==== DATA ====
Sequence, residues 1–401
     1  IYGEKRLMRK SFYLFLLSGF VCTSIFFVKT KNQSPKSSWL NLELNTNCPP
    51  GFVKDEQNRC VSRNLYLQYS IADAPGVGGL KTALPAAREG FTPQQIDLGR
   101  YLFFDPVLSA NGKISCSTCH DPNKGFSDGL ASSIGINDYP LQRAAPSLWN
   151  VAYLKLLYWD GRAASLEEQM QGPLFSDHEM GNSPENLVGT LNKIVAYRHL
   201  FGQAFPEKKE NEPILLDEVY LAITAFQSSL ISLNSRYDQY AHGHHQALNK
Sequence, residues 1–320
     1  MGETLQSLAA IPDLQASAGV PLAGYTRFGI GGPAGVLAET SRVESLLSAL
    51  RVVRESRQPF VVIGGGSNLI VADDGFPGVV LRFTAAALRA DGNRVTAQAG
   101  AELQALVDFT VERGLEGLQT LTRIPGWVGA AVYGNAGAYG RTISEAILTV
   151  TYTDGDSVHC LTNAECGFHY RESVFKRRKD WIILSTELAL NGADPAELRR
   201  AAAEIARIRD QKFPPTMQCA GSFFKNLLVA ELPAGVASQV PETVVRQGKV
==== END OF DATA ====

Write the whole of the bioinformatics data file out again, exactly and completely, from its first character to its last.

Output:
Sequence, residues 1–401
     1  IYGEKRLMRK SFYLFLLSGF VCTSIFFVKT KNQSPKSSWL NLELNTNCPP
    51  GFVKDEQNRC VSRNLYLQYS IADAPGVGGL KTALPAAREG FTPQQIDLGR
   101  YLFFDPVLSA NGKISCSTCH DPNKGFSDGL ASSIGINDYP LQRAAPSLWN
   151  VAYLKLLYWD GRAASLEEQM QGPLFSDHEM GNSPENLVGT LNKIVAYRHL
   201  FGQAFPEKKE NEPILLDEVY LAITAFQSSL ISLNSRYDQY AHGHHQALNK
Sequence, residues 1–320
     1  MGETLQSLAA IPDLQASAGV PLAGYTRFGI GGPAGVLAET SRVESLLSAL
    51  RVVRESRQPF VVIGGGSNLI VADDGFPGVV LRFTAAALRA DGNRVTAQAG
   101  AELQALVDFT VERGLEGLQT LTRIPGWVGA AVYGNAGAYG RTISEAILTV
   151  TYTDGDSVHC LTNAECGFHY RESVFKRRKD WIILSTELAL NGADPAELRR
   201  AAAEIARIRD QKFPPTMQCA GSFFKNLLVA ELPAGVASQV PETVVRQGKV